Canadians spent about C$6bn ($5.6bn, £3.5bn) on cannabis in 2015 – almost as much as they did on wine.
The estimate comes from Canada’s bureau of statistics, which studied marijuana consumption between 1960 and 2015.
The government has promised to research the drug’s affect on the economy and society as it ramps up its plans to legalise cannabis next summer.
The report also found that use has gone up over the years as it has become more popular with adults.
In the 1960s and 1970s cannabis was primarily consumed by young people, according to Statistics Canada.
But in 2015, only 6% of 15-17 year olds smoked cannabis recreationally, compared to two thirds of adults over 25.
Canadians consumed about 697.5 tonnes of pot in 2015, which the report estimated to be worth between C$5.0bn to C$6.2bn.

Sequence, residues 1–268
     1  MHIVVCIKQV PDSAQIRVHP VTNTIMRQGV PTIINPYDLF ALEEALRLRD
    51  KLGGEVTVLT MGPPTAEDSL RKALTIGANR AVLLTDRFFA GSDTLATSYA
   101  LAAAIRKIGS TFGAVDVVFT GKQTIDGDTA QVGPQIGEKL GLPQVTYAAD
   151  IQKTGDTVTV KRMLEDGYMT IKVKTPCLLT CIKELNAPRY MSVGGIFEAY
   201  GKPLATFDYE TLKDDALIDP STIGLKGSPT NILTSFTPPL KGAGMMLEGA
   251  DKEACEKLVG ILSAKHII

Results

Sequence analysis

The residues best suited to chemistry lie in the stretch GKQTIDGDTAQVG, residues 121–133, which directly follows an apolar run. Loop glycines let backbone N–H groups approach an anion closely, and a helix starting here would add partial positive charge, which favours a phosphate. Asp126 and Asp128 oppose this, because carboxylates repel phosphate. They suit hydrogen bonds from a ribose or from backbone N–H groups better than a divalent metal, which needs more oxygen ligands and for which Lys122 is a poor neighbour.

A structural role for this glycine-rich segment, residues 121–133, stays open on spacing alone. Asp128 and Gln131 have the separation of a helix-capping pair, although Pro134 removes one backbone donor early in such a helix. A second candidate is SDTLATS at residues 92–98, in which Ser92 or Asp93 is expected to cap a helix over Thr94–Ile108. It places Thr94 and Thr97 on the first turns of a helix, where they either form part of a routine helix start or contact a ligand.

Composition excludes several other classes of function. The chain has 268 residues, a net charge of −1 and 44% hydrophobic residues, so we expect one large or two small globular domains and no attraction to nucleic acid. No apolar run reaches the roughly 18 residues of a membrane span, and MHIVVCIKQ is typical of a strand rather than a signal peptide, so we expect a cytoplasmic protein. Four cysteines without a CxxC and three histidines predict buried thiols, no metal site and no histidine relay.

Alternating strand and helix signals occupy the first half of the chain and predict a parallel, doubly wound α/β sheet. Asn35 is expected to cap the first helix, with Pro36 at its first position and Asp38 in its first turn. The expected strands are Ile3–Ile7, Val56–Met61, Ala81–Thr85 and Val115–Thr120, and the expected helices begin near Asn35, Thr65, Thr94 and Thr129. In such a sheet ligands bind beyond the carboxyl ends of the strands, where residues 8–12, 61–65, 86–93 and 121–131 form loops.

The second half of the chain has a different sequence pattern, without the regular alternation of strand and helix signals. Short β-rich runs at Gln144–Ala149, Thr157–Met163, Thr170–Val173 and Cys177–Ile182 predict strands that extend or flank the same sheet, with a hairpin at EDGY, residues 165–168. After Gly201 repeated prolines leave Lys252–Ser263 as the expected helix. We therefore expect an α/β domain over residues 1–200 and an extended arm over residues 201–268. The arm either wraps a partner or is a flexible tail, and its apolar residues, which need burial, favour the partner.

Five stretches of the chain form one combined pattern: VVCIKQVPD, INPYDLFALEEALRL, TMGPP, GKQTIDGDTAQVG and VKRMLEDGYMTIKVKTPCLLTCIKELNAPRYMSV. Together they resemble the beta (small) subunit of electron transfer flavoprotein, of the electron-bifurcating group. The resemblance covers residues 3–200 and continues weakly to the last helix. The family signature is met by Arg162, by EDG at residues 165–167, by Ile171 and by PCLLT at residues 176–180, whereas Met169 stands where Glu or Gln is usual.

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Since marijuana is not legal yet, the researchers had to estimate its market value, pegging it between C$7.14 to C$8.84 a gram.
Many Canadian provinces have discussed charging about $10 a gram for cannabis once it is legalised. The government’s plan, which has been championed by Prime Minister Justin Trudeau, would legalise marijuana consumption throughout the country but leave its method of sale up to the provinces.
In November, the federal government said it planned to levy a 10% excise tax of C$1 per gram of the final retail price, whichever is higher. The provinces will take home 75% of those revenues.
Under that scheme, the government could stand to rake in almost C$700m a year, if Statistics Canada’s estimate proves correct.